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Romney To Return To Political Scene For CPAC Speech

Mitt Romney spoke at the Conservative Political Action Conference in February 2012. The former Republican presidential nominee is scheduled to speak to the group again next month. i i

Mitt Romney spoke at the Conservative Political Action Conference in February 2012. The former Republican presidential nominee is scheduled to speak to the group again next month. Chip Somodevilla/Getty Images hide caption

itoggle caption Chip Somodevilla/Getty Images
Mitt Romney spoke at the Conservative Political Action Conference in February 2012. The former Republican presidential nominee is scheduled to speak to the group again next month.

Mitt Romney spoke at the Conservative Political Action Conference in February 2012. The former Republican presidential nominee is scheduled to speak to the group again next month.

Chip Somodevilla/Getty Images

Mitt Romney will make his return to the political world at next month's Conservative Political Action Conference, the host American Conservative Union announced Wednesday.

"The thousands gathered at CPAC this year are eager to hear from the former 2012 GOP presidential candidate at his first public appearance since the elections," ACU Chairman Al Cardenas said in a statement. "We look forward to hearing Governor Romney's comments on the current state of affairs in America and the world, and his perspective on the future of the conservative movement."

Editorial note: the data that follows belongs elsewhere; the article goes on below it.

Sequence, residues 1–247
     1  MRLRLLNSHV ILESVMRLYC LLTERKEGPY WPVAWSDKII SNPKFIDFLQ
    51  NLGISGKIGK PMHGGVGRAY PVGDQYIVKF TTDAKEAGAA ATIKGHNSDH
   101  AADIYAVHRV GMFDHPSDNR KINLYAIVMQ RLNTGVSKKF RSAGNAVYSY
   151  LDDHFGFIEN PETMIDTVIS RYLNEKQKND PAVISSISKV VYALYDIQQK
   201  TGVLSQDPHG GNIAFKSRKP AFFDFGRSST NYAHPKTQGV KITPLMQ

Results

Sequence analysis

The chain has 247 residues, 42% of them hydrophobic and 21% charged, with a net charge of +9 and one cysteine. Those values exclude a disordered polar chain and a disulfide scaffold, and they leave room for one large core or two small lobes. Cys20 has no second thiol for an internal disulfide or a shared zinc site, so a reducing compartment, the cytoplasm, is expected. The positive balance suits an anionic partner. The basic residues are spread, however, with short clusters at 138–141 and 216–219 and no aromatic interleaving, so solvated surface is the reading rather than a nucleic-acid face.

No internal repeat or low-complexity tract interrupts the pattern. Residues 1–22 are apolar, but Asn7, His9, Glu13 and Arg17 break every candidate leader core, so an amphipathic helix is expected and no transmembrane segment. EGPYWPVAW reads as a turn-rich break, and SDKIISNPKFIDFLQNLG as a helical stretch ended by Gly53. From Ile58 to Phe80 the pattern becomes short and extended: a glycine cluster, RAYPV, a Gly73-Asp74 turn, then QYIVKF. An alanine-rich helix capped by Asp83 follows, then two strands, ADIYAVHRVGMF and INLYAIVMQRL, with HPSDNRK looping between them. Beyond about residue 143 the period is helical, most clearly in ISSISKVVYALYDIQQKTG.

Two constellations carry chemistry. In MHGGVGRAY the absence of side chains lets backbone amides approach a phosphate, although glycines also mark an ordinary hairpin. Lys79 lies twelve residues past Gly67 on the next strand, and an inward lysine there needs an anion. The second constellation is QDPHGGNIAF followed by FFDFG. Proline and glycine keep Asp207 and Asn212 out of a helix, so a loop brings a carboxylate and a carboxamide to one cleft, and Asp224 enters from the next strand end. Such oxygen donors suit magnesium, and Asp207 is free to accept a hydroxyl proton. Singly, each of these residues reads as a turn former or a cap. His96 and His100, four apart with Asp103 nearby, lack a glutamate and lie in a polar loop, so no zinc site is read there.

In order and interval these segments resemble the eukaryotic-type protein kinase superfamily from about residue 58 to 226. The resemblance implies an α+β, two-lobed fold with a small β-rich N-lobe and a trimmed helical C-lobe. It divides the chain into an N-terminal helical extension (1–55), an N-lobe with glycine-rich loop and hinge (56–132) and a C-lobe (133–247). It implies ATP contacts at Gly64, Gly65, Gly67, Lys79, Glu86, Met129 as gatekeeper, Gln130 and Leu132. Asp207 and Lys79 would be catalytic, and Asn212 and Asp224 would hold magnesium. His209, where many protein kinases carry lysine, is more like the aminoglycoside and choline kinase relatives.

The conference, being held March 14-16 outside the nation's capital, will also feature a string of high-profile potential 2016 presidential contenders, including former Alaska Gov. Sarah Palin; former Florida Gov. Jeb Bush; Kentucky Sen. Rand Paul; Florida Sen. Marco Rubio; and Romney's running mate, Wisconsin Rep. Paul Ryan.

Romney dropped out of the 2008 presidential race at that year's CPAC conference.

He attended last year's event at a time when he was slogging through a series of Republican primaries. In his speech, Romney called himself "a severely conservative Republican governor" — a phrase that won immediate derision from both his primary rivals and the likes of Rush Limbaugh.

S.V. Dáte is the congressional editor on NPR's Washington Desk.

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